The SANS Institute and the FBIs National Infrastructure Protection Center on Monday released a scanning tool designed to find 20 common network vulnerabilities, as well as a document listing steps to fix each problem.
The list is an expansion of the original Top Ten list released by the two groups last year and is meant to give systems administrators a prioritized checklist of the most dangerous vulnerabilities. It is divided into three sections: general vulnerabilities, Windows flaws and Unix flaws.
The problems range from using default installations of operating systems to non-existent or incomplete system backups to the infamous ISAPI buffer overflow in Microsoft Corp.s IIS Web server software. Many of the vulnerabilities on the list are simple, non-software-related problems such as weak passwords that are often overlooked.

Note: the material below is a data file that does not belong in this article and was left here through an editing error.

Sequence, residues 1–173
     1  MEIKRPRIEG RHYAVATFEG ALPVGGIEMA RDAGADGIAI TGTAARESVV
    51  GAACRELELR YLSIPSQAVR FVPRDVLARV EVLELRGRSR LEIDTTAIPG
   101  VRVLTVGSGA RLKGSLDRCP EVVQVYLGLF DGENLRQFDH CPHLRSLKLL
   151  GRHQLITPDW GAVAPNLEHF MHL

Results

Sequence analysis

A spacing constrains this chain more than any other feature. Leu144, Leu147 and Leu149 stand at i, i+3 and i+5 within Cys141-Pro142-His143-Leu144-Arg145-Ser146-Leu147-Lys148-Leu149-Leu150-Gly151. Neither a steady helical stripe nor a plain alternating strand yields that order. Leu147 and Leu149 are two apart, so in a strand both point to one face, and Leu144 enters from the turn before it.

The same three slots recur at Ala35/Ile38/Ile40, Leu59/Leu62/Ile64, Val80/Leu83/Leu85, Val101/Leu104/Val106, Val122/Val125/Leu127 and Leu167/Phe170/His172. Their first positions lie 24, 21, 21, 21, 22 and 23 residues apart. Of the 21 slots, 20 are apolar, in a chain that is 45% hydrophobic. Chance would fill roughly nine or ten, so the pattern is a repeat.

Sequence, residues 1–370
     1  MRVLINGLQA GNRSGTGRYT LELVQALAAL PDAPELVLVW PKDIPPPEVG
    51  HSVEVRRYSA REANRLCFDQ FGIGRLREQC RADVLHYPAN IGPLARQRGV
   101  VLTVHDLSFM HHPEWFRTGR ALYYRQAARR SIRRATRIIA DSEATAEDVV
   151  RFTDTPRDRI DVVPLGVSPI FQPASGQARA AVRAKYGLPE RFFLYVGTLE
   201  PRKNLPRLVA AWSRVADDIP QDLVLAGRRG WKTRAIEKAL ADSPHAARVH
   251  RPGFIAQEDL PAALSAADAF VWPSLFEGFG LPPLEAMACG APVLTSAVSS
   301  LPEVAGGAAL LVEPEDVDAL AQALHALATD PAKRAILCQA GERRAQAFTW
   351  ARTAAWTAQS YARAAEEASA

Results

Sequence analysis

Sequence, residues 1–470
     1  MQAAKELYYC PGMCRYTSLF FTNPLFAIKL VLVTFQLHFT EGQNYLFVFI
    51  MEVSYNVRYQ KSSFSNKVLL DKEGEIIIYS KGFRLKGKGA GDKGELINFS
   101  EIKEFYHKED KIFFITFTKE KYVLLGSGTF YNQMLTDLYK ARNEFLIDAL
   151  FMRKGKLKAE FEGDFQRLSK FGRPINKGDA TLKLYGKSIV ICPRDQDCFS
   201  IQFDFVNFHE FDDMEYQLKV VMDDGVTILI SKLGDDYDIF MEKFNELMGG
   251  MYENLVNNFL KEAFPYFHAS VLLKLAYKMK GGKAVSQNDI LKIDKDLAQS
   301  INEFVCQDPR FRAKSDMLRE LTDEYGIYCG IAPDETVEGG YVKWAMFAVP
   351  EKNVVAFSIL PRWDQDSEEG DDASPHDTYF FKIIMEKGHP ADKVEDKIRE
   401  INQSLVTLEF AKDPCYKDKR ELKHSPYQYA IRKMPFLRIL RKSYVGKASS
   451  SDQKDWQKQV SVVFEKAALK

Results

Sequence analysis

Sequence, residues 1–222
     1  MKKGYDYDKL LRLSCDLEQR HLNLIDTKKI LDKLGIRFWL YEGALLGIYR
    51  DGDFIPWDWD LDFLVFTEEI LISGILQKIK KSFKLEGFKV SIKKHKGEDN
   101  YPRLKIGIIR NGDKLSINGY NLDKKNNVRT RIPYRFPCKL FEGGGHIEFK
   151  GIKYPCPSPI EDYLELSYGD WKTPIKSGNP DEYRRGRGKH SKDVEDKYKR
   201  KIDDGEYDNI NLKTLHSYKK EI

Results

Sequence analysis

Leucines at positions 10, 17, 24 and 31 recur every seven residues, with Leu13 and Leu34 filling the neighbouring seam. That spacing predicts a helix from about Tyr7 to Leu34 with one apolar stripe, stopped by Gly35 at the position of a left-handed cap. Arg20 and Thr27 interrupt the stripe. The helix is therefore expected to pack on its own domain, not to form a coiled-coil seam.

“The majority of successful attacks on computer systems via the Internet can be traced to the exploitation of security flaws on this list,” SANS said in its bulletin. “The easy and rapid spread of the Code Red and Nimda worms can be traced to exploitation of unpatched vulnerabilities on this list.”
The scanning tool is a modified version of SARA, a free network-scanning program. It is available at the Center for Internet Securitys web site, www.cisecurity.org.
The release of the updated list and scanning tool coincide with an increased emphasis on both network and physical security in the wake of the terrorist attacks three weeks ago. Security experts and government agencies have warned that the expected United States retaliation for the attacks could trigger not only further terror incidents but an increase in the number of computer attacks on U.S. networks as well.